In January, I declared war on our credit cards. With over $11,000 dollars in credit card debt, I mapped out a basic plan to accomplish the goal of being free of credit cards by 2012. And in the spirit of complete honesty, I’m going to share the nitty gritty details with all of you. (*Names of creditors have been changed to protect the
All over the internet, I read of people who have drunk the Dave Ramsey Kool-Aid and changed their financial futures. I’m not a huge fan of Kool-Aid, but I wanted in.
So for the month of August, we went cash only on all of our variable expenses.
First, let me say that while some of our expenses are rather predictable (i.e. groceries) many are not (ummm… Target, I’m talking about you). This made setting budget amounts a little challenging. And I’m expecting this to be a work in progress for a little while.
But for our first month, I’m really happy about the results.
It wasn’t unusual for us to spend almost $200 a month on eating/going out. But by setting a limit of $120, we’ve been able to make better decisions about our entertainment expenses. Because if there isn’t any money in the envelope, we need to find something at home.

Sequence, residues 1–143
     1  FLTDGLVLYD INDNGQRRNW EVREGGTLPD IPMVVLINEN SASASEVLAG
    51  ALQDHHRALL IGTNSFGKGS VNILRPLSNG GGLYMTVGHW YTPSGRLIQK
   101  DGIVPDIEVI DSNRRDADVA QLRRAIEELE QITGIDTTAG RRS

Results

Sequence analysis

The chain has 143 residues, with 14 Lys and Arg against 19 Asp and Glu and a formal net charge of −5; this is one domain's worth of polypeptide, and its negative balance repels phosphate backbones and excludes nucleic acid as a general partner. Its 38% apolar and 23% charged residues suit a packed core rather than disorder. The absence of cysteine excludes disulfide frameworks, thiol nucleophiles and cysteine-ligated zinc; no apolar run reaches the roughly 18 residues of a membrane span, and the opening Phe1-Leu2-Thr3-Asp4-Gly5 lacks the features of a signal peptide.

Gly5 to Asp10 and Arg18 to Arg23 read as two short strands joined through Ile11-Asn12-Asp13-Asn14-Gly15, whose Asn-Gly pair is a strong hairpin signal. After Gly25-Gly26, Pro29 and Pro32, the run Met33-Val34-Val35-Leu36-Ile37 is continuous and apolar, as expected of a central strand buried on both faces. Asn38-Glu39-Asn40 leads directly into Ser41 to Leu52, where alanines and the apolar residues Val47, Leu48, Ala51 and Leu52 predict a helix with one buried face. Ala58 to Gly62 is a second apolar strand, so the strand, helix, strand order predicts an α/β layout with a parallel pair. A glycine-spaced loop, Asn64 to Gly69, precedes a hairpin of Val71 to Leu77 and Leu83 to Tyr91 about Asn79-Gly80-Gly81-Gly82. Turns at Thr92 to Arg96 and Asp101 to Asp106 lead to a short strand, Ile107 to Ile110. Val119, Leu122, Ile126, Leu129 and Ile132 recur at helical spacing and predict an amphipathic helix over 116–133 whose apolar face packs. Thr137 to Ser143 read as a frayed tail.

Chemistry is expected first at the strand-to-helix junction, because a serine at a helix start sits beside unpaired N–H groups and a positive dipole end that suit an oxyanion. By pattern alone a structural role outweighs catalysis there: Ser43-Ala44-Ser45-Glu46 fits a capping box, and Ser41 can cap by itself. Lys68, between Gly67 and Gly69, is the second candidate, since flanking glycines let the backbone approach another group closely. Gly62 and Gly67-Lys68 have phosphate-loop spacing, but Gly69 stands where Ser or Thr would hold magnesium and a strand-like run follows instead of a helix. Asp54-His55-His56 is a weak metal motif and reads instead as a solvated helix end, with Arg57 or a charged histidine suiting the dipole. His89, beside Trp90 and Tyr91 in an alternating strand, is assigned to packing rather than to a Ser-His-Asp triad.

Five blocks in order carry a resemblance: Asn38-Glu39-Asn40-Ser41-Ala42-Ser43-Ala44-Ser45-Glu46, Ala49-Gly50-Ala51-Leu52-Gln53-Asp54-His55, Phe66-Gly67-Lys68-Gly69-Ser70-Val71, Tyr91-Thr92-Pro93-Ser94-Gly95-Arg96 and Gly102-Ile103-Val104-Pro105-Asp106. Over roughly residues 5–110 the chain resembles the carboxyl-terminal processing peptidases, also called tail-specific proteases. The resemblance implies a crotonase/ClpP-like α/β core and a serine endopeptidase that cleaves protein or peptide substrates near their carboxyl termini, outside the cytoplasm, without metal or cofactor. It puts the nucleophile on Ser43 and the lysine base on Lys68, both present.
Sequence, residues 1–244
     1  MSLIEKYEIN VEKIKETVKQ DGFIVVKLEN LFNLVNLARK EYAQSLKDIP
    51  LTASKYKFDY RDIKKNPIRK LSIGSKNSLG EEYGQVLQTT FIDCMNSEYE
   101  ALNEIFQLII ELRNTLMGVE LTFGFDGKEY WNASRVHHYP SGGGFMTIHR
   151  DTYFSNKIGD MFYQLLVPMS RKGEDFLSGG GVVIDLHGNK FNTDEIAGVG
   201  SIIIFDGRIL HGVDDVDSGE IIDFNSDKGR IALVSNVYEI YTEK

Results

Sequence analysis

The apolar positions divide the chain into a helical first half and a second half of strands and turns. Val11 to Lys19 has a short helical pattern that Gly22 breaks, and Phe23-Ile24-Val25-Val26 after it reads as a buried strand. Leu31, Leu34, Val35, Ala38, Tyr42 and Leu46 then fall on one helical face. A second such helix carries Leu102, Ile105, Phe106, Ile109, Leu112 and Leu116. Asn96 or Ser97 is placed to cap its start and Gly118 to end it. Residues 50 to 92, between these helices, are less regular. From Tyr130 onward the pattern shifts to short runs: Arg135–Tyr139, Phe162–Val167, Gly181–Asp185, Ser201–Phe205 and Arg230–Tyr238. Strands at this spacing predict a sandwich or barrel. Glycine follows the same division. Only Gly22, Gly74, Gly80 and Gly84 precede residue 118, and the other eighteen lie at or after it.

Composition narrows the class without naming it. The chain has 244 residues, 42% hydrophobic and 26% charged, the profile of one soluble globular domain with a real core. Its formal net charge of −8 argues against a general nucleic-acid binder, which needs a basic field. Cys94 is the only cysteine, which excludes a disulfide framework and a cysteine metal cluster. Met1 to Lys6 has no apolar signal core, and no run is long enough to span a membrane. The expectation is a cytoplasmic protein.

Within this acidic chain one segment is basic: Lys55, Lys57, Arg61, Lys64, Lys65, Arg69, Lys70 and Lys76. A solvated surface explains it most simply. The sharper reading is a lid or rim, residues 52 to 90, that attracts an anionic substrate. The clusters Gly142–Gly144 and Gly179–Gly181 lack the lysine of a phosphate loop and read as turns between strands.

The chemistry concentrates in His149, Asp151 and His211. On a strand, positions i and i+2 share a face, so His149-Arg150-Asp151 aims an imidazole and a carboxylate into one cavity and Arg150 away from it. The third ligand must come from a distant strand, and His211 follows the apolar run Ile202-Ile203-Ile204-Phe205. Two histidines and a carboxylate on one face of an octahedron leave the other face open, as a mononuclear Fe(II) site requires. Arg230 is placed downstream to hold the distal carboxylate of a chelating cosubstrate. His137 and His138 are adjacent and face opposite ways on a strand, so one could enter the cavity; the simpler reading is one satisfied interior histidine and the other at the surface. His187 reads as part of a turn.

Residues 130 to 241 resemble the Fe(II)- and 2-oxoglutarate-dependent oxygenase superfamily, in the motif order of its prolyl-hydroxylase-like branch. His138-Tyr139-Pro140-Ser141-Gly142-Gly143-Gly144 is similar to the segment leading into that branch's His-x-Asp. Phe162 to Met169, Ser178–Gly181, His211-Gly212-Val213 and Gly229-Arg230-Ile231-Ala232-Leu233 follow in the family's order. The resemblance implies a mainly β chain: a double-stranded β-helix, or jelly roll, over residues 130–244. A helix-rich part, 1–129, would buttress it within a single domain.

It’s also been great for planning future expenses. Knowing that an upcoming event is already allocated for, makes going out a lot more enjoyable for me. Because before I was always guilty that I was spending money on frivolous activities. Now I can relax because it’s part of the budget.
My biggest lesson? I had been grossly under-budgeting before.
I would set a limit of $50/month for household items, but in reality we were spending close to $100. And at the end of the month, I’d look at the budget and say, “Oops. We went over. I need to try harder next month.” And. I. did. this. every. month. Never once thinking that *maybe* cat litter and diapers were just expensive.
The downside to this realization is that we will be making lower payments towards our credit card debt. Because somehow, even after overspending each month by nearly $1000, we were managing to stay on schedule with our repayment plan. With the exception of June and July. Which I guess is where the extra money came from. Sigh.
But I did manage to get back on track in August with a good-sized payment to Chinchilla.
Unfortunately, due to the set backs this summer, we don’t appear to be on track to pay everything off by the end of the year. However, we have paid off over $5000 worth of debt so far this year. And that feels pretty good.
So even though our budget doesn’t look as tight on paper anymore, I’m glad that we are being truthful about our spending needs.
Have you drank the Dave Ramsey Kool-Aid?
Next post in the War on Debt series: Celebrating